How I Learned to Love Opera

I was taken to the opera in 1987 by a friend. We were in Berlin. We had tickets to see La Boheme at the Komische Oper. I had never seen La Boheme, I didn’t even know the story (though I could have a guess, it was an opera, after all.) I hated opera.

My friend and I had a row at the interval. It was rubbish, could he not see that? Of course he could. No he couldn’t. What? Give me a break. No, give him. Those scenes in which we are expected to believe that they are all having a great time in the cafe. Because real people ALWAYS swing their drinking cups in time with one another, all facing in the same direction, some with one foot up on a stool to show they are having a good time in a cafe, don’t they? Don’t they? That is hardly the point. No you get over YOURself.

There were other travesties, mainly opera singers in love with their opera singing. My friend denied it. I was looking for these sins. Hard to avoid them when you’re facing a stage full of people tripping all over them. Didn’t I even like the music? Yes of course, some of it was even famous, big deal, but I had a walkman – the visuals were less distracting. I wasn’t going back in. I was. No I wasn’t, I’d sit in the bar. I bloody was. I bloody wasn’t.

And that was where my friend took the wheel. You do not sit through HALF of La Boheme. There was no argument because if I did not see it all there would be no argument. I was kind of loving the argument.

So we went back in. Rhetorical folding of arms.

I can’t remember the Third Act, but this is how I remember the Fourth Act. I don’t speak German so this is what I understood and remember.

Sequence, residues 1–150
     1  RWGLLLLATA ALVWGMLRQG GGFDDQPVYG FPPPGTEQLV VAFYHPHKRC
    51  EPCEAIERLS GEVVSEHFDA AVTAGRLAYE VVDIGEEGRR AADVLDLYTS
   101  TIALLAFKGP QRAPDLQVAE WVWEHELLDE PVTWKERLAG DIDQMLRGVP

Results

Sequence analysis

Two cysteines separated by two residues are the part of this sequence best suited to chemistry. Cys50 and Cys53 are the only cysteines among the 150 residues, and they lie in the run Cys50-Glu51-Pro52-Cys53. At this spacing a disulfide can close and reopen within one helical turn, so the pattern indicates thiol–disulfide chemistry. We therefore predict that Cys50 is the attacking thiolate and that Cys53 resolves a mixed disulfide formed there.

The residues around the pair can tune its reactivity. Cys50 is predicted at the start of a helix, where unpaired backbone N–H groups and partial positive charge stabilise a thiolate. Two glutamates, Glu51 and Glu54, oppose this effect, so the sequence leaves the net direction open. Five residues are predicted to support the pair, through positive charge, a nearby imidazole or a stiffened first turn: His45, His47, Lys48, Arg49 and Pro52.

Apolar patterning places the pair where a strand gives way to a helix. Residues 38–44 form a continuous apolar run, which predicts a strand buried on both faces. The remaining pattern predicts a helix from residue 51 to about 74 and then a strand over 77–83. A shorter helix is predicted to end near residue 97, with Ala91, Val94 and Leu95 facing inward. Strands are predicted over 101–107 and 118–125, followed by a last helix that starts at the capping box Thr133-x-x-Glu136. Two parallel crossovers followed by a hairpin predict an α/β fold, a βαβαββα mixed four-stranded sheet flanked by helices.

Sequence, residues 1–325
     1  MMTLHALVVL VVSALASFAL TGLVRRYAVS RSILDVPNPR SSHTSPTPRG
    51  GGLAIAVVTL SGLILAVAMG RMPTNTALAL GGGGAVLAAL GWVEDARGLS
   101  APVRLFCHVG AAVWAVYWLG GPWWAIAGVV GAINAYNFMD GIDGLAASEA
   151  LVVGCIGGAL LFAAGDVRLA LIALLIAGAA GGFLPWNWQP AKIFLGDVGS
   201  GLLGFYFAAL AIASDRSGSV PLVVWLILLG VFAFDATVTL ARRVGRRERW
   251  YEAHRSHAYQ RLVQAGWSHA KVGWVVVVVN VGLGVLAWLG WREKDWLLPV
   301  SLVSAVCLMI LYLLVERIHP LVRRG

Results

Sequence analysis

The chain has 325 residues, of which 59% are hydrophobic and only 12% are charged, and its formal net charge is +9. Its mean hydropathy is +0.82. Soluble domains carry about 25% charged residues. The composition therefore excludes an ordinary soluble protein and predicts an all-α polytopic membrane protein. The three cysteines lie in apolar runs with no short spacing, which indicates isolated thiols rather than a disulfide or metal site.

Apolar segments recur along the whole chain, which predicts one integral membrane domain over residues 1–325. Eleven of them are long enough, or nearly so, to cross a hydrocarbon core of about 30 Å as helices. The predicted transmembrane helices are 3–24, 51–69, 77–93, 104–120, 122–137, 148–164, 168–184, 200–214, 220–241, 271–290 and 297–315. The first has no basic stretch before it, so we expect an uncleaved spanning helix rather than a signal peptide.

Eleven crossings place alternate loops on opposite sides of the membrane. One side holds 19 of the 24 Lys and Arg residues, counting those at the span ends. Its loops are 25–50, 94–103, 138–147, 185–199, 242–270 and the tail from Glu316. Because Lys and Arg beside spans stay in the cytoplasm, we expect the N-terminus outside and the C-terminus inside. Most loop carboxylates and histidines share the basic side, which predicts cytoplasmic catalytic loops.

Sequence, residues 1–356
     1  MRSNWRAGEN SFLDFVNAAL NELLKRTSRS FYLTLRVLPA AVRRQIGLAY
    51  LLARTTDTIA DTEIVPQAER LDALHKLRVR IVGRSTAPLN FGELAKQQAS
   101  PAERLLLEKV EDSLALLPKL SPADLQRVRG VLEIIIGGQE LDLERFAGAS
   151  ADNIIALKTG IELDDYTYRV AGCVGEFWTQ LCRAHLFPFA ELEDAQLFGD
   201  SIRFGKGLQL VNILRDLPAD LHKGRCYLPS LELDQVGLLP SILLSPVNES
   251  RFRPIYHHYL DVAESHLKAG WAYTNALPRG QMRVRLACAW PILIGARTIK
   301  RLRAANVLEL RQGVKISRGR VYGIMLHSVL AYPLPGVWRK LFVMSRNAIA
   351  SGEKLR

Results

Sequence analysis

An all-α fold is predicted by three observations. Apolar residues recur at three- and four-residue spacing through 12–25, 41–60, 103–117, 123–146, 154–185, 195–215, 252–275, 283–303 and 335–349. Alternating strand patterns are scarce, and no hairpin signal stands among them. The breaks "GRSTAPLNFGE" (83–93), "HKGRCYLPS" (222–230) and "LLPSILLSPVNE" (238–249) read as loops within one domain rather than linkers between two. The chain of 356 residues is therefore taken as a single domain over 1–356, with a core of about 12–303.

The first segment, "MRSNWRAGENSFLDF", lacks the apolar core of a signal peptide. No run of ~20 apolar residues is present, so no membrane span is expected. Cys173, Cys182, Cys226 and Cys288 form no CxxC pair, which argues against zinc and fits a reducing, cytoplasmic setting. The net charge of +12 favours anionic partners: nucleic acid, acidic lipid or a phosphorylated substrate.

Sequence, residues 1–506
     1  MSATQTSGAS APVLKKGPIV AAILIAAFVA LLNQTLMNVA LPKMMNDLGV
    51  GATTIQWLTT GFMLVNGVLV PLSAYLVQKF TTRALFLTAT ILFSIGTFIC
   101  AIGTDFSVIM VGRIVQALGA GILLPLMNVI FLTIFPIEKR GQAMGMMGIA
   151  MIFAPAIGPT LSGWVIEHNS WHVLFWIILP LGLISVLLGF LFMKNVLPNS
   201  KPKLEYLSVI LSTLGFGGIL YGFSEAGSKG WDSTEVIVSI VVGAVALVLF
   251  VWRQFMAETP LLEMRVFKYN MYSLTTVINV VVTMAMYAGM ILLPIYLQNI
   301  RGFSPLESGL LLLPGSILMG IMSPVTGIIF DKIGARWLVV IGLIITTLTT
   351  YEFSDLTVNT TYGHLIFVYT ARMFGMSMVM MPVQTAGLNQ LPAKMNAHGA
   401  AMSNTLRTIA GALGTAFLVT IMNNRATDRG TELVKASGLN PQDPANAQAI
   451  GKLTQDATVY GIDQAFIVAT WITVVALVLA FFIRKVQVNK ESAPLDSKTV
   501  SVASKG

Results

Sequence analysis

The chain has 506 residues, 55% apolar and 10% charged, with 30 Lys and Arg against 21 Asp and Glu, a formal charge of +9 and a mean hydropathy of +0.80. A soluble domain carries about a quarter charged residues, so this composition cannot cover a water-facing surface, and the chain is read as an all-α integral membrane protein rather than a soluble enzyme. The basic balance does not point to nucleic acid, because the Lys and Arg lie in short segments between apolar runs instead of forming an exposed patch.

In the Fourth Act, they, the couple we hope for, are reunited. Mimi and Rodolpho.

They have been apart, now here they are. She has consumption. He has betrayed her, he was frightened by her illness, her fragility. She is very unwell. They are together. Everything will be all right. Now at last it really will.

Their friends leave to sell something precious to buy her medicine. It is cold in the bare room where Rodolpho and Mimi are left with each other.

He loves her. They love each other and they can’t help but say it together. They want nothing now but to be together saying that simple thing again and again in a bare room forever. She is tired. He is not. He is full of life and full of her and everything will be all right. They are in love. Nothing has ever made so much sense. He says this. It makes a lot of sense to him. She smiles.

She is very still but he is almost dancing for the joy of being with her again. Maybe she smiles again. She will get better and they have the rest of time. The friends return, for some reason a muff is placed in Mimi’s lap. At least her hands can be warm.

And Rodolpho approaches her but even when he touches her she does not move. She is gone.

He screams her name. The orchestra goes mad. He screams again but she does not move. He does not sob and quiver, he just drops, screaming and the orchestra tells the rest.

She is dead. That was their time.

I was a mess. When we finally got there, to the last Act, I was him. She would not die. Because she would not. Because happiness. Surely. I couldn’t even clap.

I think we went for a drink. I don’t think we talked about it much at all. Since then I have tried to listen to La Boheme but there is not a recording in which the last Act is not a mess of consumptive coughing and operatic sobs. What we saw at the Komische Oper (and Barrie knew this, he insisted Harry Kupfer was the director to trust) was clean of all that acting. There is no need to help Puccini, of all people, along.

I daren’t see it again. I may never.